- Responding to conflict and reluctant family members within a child contact centre (this is a new version which combines the ‘Conflict Management’ and ‘Managing reluctant family members’ modules. The aim of the module is to help volunteers respond and manage conflict situations and explore ways of managing reluctant family members, both those reluctant to start contact and those reluctant to move on).
- Safeguarding and Child Protection
- Understanding and Managing Children’s Behaviour and Areas of Contact to Observe and Assess (this is a new module with the aim to provide volunteers with a basic understanding and awareness to understand and manage children’s behaviour within a child contact centre).
Are you a new co-ordinator? Has your centre recently joined NACCC? Is it time for you to do the refresher training? NACCC runs courses for new co-ordinators and refresher training in both supported and supervised centres. There are still places available if you would like to book a space – please see the training page for further info
Could you spot if a child using your centre is experiencing a mental health issue? Get trained in mental health first aid
Children and young people whose parents are separating or have separated or divorced are at risk of developing mental health problems. Although this does not necessarily mean that the child will experience problems or have difficulties, the risk is there. With mental health on the agenda NACCC’s Chief Executive would like to ensure that parents and family using contact centres and anyone working or volunteering at a contact centre are aware of the various problems that a child might be going through which may not have been identified. The earlier a child can receive support the better. This is where mental health first aid comes in.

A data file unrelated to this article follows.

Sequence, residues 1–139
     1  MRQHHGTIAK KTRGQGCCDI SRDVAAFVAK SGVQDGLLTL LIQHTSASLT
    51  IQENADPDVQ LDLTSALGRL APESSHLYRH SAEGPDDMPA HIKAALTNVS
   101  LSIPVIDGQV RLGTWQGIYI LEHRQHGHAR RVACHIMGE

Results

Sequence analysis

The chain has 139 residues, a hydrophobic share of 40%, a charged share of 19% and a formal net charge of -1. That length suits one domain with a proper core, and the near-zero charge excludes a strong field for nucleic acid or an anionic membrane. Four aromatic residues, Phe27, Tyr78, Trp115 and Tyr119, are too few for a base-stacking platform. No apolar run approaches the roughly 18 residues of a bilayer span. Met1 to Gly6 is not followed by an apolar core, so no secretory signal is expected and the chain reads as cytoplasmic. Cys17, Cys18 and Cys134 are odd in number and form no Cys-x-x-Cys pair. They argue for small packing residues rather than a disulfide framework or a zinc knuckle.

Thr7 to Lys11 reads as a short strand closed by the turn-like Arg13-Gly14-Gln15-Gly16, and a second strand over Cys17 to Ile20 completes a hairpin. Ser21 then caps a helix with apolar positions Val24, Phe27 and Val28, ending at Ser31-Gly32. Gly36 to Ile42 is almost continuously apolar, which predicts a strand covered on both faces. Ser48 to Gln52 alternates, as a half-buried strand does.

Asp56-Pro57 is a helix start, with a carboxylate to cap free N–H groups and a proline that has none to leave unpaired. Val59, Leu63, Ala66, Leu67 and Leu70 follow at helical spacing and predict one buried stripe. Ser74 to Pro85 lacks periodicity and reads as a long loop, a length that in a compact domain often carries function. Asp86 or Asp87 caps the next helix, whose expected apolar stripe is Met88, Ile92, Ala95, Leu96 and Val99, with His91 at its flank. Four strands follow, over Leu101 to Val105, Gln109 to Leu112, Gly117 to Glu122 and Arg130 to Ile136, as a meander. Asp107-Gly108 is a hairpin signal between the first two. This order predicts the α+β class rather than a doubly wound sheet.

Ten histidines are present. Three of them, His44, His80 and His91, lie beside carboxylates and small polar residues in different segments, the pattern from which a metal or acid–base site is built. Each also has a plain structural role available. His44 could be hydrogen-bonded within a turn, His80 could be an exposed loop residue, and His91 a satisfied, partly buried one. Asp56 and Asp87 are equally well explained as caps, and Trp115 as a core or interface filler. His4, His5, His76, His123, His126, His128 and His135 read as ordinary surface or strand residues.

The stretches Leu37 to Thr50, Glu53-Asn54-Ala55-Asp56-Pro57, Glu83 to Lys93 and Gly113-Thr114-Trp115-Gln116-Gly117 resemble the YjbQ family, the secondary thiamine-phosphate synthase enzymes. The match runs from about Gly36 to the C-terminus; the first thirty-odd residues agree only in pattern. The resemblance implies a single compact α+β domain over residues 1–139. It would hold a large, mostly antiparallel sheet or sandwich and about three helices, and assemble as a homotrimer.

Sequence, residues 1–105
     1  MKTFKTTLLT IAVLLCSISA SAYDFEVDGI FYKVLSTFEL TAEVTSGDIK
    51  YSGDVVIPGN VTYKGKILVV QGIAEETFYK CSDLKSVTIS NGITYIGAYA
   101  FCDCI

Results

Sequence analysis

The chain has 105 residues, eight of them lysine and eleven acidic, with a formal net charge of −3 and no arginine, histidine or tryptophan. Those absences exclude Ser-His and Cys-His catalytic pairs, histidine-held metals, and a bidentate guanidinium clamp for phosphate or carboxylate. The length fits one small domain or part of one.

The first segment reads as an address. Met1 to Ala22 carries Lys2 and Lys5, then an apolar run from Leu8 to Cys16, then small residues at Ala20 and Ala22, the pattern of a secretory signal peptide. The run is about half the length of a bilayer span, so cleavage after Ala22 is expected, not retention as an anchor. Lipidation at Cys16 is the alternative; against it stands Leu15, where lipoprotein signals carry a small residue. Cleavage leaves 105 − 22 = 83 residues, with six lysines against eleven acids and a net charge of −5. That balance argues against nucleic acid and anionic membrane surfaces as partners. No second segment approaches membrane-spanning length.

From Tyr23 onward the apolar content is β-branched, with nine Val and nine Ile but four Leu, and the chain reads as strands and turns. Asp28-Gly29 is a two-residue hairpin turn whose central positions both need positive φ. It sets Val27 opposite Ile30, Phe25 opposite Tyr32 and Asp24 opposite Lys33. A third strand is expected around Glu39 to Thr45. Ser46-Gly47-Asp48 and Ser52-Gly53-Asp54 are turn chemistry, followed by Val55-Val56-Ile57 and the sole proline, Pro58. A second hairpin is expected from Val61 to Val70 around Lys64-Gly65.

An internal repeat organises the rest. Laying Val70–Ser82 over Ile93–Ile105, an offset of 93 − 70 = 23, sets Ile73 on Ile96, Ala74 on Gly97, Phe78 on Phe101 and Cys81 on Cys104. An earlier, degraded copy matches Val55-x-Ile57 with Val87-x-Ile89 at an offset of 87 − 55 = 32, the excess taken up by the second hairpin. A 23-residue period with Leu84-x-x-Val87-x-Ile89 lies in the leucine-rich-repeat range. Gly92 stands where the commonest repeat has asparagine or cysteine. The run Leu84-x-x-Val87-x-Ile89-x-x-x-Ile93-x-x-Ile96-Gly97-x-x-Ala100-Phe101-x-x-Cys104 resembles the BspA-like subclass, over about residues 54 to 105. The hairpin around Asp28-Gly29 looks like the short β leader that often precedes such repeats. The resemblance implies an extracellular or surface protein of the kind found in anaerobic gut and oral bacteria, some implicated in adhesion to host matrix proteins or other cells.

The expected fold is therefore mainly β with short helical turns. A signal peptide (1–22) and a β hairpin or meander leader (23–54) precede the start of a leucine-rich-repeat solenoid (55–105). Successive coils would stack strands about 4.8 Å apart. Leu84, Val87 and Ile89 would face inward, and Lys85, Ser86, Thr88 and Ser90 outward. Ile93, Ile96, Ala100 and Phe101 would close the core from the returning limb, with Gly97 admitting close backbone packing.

You may have heard of the Government’s Prevent strategy which is trying to safeguard vulnerable people from being radicalised to supporting terrorism or becoming terrorists themselves. We would like to bring to your attention a course which could be helpful in your work with families. Channel forms a key part of the ‘Prevent’ strategy and is a programme which focuses on providing support at an early stage to people who are identified as being vulnerable to being drawn into terrorism. Although this is not compulsory training, it is recommended to anyone volunteering or working at a child contact centre. This course is well designed and at the right level for child contact centre volunteers. Highly recommend that all should undertake this course. Further info: http://course.nalt.com/Channel_General_Awareness/01/index.html
Supervised training checked at accreditation
Milton Keynes Council has recently achieved enhanced accreditation for their contact service. Part of the process of enhanced accreditation involves the scrutiny of the training of the staff at the centre. Lorraine Carter, FAST/CONTACT Deputy Team Manager, Children and Families at Milton Keynes Council told us about their induction and training programme Accreditation – SPOTLIGHT on Milton Keynes Council – and training of staff
We hope you find this helpful.
Louis Ruddlesden, NACCC Service Development Manager